Covid-19: Auckland DHBs seek to curb lockdown impacts on elective surgery

1:55 pm on 26 August 2021

Auckland's district health boards (DHBs) are trying to contain the effect of the latest Covid-19 alert level 4 lockdown, having cancelled a large number of non-acute operations and procedures since last week.

Generic shot of operating table/surgery in hospital.

Auckland's DHBs have been trying to catch up on elective surgery cancelled during previous Covid-19 lockdowns in 2020 and earlier this year, but this week they have had to cancel more non-urgent operations due to the alert level 4 restrictions. Photo: 123RF

A spokesperson for the Northern Region Health Co-ordination Centre (NRHCC) said DHBs were doing everything they could to keep patients, visitors and staff safe as they responded to the latest outbreak.

"We continue to provide essential and urgent medical care. We have full confidence in our infection prevention and control measures and in our staff to manage cases of Covid-19 safely."

In June last year it was revealed the Counties Manukau District Health Board (DHB) alone had deferred between 1400 and 1600 elective surgery operations due to Covid-19.

It was given a much-needed $94 million funding boost by the government in the 2020 budget to try to get on top of the problem and appeared to have been making headway, but the latest lockdown will add to the waiting lists.

A spokesperson for the NRHCC said they were unable to provide exact numbers on how many elective surgery operations had been cancelled in Auckland since the country went into alert level 4 lockdown last week.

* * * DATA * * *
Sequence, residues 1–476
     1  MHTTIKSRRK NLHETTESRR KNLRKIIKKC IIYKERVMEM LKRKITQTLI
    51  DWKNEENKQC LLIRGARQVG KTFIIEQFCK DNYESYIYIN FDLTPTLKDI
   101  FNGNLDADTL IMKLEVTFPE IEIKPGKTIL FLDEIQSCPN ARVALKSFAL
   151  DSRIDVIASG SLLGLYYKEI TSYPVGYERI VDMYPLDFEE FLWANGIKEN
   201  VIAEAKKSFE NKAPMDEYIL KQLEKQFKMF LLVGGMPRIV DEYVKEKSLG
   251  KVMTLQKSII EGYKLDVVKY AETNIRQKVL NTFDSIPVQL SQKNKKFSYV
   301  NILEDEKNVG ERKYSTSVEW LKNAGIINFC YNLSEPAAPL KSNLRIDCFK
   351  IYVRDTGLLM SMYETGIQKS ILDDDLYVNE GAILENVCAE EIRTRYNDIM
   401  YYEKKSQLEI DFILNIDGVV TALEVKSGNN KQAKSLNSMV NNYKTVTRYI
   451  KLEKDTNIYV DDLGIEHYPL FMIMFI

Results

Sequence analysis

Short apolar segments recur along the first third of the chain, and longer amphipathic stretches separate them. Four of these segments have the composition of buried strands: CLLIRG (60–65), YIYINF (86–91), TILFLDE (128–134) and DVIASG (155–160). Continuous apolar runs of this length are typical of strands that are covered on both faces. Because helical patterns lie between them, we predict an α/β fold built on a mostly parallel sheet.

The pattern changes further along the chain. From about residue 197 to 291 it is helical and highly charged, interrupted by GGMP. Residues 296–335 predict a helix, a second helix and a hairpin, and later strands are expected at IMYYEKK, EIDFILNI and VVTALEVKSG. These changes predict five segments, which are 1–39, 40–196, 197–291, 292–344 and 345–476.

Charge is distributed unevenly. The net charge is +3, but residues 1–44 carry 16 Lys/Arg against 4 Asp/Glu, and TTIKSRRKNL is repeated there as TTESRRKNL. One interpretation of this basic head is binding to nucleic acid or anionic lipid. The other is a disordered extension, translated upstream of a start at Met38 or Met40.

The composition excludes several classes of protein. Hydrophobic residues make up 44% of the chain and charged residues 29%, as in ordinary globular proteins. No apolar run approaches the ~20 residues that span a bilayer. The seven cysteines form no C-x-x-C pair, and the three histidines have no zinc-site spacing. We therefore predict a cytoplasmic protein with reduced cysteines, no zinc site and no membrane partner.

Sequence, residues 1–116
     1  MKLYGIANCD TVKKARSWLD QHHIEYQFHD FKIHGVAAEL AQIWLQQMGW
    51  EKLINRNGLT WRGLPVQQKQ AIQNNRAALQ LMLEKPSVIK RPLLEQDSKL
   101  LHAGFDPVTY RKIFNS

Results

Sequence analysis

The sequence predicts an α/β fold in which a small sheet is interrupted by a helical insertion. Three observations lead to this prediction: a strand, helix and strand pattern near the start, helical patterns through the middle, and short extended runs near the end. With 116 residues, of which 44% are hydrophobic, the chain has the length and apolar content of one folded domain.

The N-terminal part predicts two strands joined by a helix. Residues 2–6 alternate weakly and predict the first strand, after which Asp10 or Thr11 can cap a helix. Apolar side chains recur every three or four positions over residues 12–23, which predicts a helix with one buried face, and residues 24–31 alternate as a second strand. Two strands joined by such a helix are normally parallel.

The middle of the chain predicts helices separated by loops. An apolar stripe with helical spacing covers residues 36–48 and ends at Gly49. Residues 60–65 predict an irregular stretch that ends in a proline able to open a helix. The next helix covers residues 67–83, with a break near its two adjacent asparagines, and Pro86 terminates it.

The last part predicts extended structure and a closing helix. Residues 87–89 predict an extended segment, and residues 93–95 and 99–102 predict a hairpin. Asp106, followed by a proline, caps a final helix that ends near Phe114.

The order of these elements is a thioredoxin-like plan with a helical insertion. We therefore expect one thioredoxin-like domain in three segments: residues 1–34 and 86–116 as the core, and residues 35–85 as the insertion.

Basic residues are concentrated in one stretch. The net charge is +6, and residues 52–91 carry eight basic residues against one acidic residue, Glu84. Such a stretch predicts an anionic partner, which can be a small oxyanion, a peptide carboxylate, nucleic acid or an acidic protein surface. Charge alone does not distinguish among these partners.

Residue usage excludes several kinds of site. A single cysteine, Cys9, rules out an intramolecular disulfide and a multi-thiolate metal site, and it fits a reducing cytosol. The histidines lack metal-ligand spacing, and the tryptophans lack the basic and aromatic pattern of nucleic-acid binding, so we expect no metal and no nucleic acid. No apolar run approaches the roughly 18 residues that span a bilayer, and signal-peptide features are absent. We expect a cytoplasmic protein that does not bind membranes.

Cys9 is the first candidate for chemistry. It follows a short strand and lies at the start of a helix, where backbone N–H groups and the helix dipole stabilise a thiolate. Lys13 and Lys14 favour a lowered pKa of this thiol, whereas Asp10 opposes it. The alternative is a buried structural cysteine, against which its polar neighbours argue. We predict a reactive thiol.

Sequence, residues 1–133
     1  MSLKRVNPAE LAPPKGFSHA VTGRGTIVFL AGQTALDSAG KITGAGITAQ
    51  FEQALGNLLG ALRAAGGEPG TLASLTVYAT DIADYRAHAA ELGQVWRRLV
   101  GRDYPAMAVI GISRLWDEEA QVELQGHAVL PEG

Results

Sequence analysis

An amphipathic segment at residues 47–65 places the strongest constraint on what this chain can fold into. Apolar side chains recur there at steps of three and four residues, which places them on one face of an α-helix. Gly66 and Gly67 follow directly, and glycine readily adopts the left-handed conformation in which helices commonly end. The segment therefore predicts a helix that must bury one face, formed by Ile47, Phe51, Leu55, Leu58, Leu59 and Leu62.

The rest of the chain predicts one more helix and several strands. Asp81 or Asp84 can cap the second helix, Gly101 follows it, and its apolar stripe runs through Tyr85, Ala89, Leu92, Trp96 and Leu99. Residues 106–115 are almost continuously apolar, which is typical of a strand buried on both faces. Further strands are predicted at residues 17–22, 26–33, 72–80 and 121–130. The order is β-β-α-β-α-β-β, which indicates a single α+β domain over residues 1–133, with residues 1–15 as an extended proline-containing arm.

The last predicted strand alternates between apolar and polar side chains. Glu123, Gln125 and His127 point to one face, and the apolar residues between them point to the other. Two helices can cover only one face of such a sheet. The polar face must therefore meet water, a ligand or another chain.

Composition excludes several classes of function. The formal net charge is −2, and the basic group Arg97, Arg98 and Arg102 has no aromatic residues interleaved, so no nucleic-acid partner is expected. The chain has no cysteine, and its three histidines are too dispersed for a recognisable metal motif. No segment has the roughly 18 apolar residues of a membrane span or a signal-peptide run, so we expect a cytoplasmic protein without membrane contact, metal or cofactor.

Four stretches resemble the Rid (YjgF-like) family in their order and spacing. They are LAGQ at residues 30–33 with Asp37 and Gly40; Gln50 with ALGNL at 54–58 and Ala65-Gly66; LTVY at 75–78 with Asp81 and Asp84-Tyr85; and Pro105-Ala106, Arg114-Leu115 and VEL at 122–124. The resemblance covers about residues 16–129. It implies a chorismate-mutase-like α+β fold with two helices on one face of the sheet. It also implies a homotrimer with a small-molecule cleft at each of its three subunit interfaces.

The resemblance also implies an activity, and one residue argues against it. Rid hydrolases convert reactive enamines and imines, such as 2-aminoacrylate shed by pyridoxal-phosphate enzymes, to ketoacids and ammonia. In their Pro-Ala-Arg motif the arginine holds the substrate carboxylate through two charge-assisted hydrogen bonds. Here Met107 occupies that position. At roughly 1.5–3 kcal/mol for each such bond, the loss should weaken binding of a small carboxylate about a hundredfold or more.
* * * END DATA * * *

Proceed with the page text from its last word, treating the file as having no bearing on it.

"We don't have numbers readily available at this time as our operational teams are currently focused on managing the Covid-19 response, but, in line with national guidelines for alert level 4, all non-urgent care, including surgery and outpatient appointments have been postponed," they said.

The spokesperson said patients were being contacted directly by DHBs to reschedule appointments and they were working through this as quickly as possible as the Covid-19 outbreak and lockdown restrictions changed and developed.

They said some patients had experienced delays in both surgery and outpatient appointments due to the impact of the alert level 3 and 4 lockdowns in 2020 and early 2021.

"We were running extra clinics and operating lists up until the start of the latest lockdown, and had also enlisted some private providers. Good progress was achieved and we will resume this plan as soon as possible. Patients are always prioritised according to clinical need and wait-lists are regularly reviewed."

They said it was still too early to talk about the financial impact of the latest outbreak on Auckland's DHBs.

Association of Salaried Medical Specialists Executive Director Ian Powell.

Health commentator Dr Ian Powell Photo: Supplied

Health commentator and former Association of Salaried Medical Specialists (ASMS) executive director Ian Powell said the cancellation of elective surgery operations was an inevitable consequence of lockdown.

"I'm surprised they didn't have data on how many operations have been cancelled, but maybe it's too soon," Powell said.

He said the real test for DHBs would be in trying to get on top of the surgery backlog after lockdown.

"The issue will be getting the medical staff and nursing staff to carry out the catch-up operations. It will be a real logistical challenge."

Powell said there was already a nationwide shortage of about 1000 specialists. He said from elective surgery waiting lists to staffing shortages, they were all issues that the health system had before Covid-19, but the pandemic had exacerbated the problems.

Powell said there would need to be greater cooperation between the DHBs to get on top of the problem when restrictions were lifted.

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